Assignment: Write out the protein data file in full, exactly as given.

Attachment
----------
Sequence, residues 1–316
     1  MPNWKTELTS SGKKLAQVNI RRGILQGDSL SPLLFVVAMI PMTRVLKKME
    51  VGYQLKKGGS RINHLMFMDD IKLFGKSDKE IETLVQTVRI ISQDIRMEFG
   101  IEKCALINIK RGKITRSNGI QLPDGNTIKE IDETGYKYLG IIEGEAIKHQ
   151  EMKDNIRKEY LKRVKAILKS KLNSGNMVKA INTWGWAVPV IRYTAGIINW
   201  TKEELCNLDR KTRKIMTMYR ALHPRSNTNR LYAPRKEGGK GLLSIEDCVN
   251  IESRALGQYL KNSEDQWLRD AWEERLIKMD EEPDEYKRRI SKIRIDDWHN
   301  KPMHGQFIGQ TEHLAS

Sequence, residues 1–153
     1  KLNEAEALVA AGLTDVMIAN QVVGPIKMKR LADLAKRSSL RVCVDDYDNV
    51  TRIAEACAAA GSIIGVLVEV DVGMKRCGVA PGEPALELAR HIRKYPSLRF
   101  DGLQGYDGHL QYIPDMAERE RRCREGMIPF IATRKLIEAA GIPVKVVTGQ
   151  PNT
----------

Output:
Sequence, residues 1–316
     1  MPNWKTELTS SGKKLAQVNI RRGILQGDSL SPLLFVVAMI PMTRVLKKME
    51  VGYQLKKGGS RINHLMFMDD IKLFGKSDKE IETLVQTVRI ISQDIRMEFG
   101  IEKCALINIK RGKITRSNGI QLPDGNTIKE IDETGYKYLG IIEGEAIKHQ
   151  EMKDNIRKEY LKRVKAILKS KLNSGNMVKA INTWGWAVPV IRYTAGIINW
   201  TKEELCNLDR KTRKIMTMYR ALHPRSNTNR LYAPRKEGGK GLLSIEDCVN
   251  IESRALGQYL KNSEDQWLRD AWEERLIKMD EEPDEYKRRI SKIRIDDWHN
   301  KPMHGQFIGQ TEHLAS

Sequence, residues 1–153
     1  KLNEAEALVA AGLTDVMIAN QVVGPIKMKR LADLAKRSSL RVCVDDYDNV
    51  TRIAEACAAA GSIIGVLVEV DVGMKRCGVA PGEPALELAR HIRKYPSLRF
   101  DGLQGYDGHL QYIPDMAERE RRCREGMIPF IATRKLIEAA GIPVKVVTGQ
   151  PNT